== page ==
Thinking about Moonwalk, and the comments on Radio, TV and the Internet already, he’d had a hell of a career over forty years, and that’s leaving out the details of his private life. It started back in 1969 when after a couple of independent singles the Jackson 5, featuring an eleven year old Michael signed to Motown…
Jackson 5 – ‘I Want You Back’
His solo career started in parallel to the Jackson 5 in the early seventies and truly came into its’ own with the release of 1979’s Off The Wall album. Produced by Quincy Jones, who would produce his next two albums, it captured the disco zeitgeist, and the NME has frequently included it in its’ list of the 100 best albums ever made.
1982’s Thriller album is the best selling album off all time – and it continues to sell because it is, frankly, absolutely fantastic. Jackson has been credited with breaking the colour bar on MTV. The title track featured a voice over from none other than Horror legend Vincent Price performing a voice over, and was directed by John Landis. (Landis’ film An American Werewolf In London had made a big impact on Jackson.) Other hits from the album included Beat It, with a guitar solo from Eddie Van Halen, at a time when Van Halen were going stratospheric, and perhaps the album’s weakest point, a duet with Paul McCartney on ‘The Girl Is Mine.’ The following year, they collaborated on another song together ‘Say, Say, Say.’
Perhaps the best song on the Thriller album was this, and nothing to do with a well-known tennis player either:
Michael Jackson -‘Billie Jean.’
In 1987, Bad was released, spawning its’ many hits. Despite the lead-off single being ‘I just Can’t Stop Loving You’ which isn’t one of the album’s better tracks, the many hits kept coming. The video for the title track was directed by Martin Scorcese. ‘Man In The Mirror’ featured a montage of starving children which made for slightly uncomfortable viewing, but at least he gave the money to charity. UNLIKE A CERTAIN ENGLISH SLAPHEAD WHO USED A SONG ABOUT THE HOMELESS TO LAUNCH A VERY BIG ALBUM THE FOLLOWING YEAR, DIDN’T GIVE THE MONEY TO CHARITY AND THEN ANNOUNCED HE WAS VOTING CONSERVATIVE.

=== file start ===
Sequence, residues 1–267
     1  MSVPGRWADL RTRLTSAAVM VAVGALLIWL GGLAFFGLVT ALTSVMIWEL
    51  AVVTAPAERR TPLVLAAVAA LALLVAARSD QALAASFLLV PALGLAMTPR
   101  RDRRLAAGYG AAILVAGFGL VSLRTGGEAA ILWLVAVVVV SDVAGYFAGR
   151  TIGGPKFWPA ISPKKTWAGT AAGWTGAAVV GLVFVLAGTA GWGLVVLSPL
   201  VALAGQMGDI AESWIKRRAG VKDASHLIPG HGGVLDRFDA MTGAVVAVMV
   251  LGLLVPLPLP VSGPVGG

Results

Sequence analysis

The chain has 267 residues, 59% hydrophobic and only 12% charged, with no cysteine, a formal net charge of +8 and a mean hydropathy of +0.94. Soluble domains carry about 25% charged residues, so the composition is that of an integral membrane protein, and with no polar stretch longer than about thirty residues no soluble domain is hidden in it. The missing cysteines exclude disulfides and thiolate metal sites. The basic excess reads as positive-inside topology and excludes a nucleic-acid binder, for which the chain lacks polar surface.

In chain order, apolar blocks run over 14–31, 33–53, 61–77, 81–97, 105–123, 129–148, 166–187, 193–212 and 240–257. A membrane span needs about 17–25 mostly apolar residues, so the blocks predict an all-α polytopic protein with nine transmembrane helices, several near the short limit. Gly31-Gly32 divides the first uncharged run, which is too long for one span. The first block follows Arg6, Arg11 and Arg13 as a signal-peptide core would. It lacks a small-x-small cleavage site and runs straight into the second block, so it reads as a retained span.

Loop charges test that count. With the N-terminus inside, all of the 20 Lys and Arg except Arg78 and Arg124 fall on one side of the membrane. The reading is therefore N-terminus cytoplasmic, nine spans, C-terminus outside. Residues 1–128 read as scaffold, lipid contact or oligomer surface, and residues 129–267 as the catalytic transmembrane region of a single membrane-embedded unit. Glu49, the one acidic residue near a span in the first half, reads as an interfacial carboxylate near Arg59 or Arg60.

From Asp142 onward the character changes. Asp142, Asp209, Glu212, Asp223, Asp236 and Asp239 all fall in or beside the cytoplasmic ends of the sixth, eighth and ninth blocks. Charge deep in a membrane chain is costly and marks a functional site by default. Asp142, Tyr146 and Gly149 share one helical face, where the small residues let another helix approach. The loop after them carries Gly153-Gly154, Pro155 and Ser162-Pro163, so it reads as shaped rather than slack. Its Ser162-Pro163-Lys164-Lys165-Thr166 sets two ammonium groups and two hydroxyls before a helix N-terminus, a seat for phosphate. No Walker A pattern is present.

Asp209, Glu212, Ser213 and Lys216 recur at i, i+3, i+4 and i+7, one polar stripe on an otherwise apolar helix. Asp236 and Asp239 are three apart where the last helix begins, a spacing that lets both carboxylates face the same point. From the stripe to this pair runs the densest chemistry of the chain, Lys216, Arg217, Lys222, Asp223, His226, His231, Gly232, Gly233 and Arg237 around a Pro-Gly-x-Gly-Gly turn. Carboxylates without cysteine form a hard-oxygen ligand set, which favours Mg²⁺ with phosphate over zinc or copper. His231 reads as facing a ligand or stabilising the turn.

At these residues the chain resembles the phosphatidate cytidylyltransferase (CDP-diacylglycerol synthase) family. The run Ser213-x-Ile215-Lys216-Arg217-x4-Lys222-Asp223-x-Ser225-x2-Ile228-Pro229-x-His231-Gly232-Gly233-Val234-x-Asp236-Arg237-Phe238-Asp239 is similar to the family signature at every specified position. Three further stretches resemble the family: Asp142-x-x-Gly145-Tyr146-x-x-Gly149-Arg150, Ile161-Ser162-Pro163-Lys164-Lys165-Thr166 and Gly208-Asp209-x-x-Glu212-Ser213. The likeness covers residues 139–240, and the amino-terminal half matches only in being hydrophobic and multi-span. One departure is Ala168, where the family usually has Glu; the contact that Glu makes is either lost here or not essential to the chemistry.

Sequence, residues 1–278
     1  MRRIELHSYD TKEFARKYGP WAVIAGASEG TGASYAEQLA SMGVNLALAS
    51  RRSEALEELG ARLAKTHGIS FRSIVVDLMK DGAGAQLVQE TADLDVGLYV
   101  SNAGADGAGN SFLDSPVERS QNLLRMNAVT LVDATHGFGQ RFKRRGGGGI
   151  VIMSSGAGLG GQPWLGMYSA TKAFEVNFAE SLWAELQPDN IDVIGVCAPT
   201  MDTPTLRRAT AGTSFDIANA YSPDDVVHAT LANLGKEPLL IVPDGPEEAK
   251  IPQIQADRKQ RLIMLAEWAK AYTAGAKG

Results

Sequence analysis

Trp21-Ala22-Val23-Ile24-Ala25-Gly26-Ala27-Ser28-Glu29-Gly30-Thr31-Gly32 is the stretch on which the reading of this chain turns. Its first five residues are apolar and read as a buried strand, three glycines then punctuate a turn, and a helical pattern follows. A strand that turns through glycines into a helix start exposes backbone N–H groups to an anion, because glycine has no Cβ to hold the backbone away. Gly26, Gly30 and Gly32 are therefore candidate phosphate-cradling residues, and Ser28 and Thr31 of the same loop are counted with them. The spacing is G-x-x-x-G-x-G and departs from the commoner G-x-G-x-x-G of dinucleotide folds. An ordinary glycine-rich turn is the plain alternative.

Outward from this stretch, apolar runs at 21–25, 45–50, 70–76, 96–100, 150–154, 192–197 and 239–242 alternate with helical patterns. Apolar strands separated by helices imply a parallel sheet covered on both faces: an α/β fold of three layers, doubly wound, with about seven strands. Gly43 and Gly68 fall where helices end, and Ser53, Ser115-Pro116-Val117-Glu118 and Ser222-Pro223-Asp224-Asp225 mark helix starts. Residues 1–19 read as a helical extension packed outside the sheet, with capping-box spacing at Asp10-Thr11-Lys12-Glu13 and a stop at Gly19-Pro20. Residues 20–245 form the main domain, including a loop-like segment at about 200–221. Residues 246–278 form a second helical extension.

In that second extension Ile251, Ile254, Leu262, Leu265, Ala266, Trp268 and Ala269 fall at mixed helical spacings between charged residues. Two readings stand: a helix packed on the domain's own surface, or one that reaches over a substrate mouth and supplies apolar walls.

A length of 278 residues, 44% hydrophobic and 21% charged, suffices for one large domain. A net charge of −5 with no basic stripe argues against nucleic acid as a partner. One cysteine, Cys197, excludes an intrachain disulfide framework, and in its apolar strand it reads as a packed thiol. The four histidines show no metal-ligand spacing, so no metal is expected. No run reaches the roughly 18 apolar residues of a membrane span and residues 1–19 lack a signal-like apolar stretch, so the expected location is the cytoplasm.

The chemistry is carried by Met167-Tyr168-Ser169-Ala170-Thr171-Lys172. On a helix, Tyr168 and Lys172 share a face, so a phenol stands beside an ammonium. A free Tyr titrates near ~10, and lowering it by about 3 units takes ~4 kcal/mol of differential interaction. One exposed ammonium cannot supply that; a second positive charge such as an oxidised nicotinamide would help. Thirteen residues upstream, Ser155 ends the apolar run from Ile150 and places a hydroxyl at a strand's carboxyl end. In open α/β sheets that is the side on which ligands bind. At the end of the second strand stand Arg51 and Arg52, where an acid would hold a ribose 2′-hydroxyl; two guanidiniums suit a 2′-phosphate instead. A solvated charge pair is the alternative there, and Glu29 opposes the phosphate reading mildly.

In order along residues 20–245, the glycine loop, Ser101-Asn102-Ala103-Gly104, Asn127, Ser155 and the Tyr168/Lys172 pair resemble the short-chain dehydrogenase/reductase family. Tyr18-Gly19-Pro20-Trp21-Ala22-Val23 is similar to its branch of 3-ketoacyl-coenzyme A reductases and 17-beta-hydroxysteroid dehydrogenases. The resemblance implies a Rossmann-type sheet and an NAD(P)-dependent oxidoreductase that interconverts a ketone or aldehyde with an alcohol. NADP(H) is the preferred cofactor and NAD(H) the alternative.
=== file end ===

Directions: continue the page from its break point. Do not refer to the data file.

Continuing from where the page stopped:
Umm, anyway, as an eleven year old, this was my favourite track on the album:
Michael Jackson -‘Dirty Diana.’
In 1991 he returned with Dangerous, and a string of collaborators in tow. Lead single ‘Black Or White’ the video for which can be seen here, included Macaulay Culkin, then the biggest child star in the world. Slash from Guns’n’ Roses played guitar, and KRS-1 rapped. The Jackson videos were an event, still: ‘Remember The Time’ starred Eddie Murphy, and Naomi Campbell appeared in the video for ‘In The Closet.’
Around this time, The Wire magazine, synonymous with left-field music had stuck Jackson on its’ cover.
. In the editorial that month, then editor Richard Cook stated: “if you also think that Michael Jackson is some addled freak making music for ten-year-olds, and not one of the creative masters of today’s black music, we’d like to suggest a different perspective.” The Wire included ‘Black Or White’ the following year in their list of Top 50 Rhythms of all time, commenting: ‘The facts about “Black Or White” are these: it’s discometal, a genre he more or less invented with “Beat It”, he’s singing for his life, to protect his honour, to declare his politics, it has a bass line like a funky needle-skip on a dust-covered record, and it’s affecting because it proves he knows how trapped he is – he’s as impassioned as he was on love songs ten years ago, but throws all the technique of passion, the little gasps and screams, at you as if they were easy and meaningless.’ Thriller also made The Wire’s list of The 100 Greatest Records ever made.
The nineties were a very up and down time for Michal Jackson. Though the records were continuing to sell, the rumours were getting louder about what he was like. In 1996, at the Brit Awards during a performance of ‘Earth Song’ Jarvis Cocker invaded the stage, fed up at what he felt was a completely over the top performance. ‘Earth Song’ had been the Christmas no.1 the previous year, one of many singles from the HIStory album.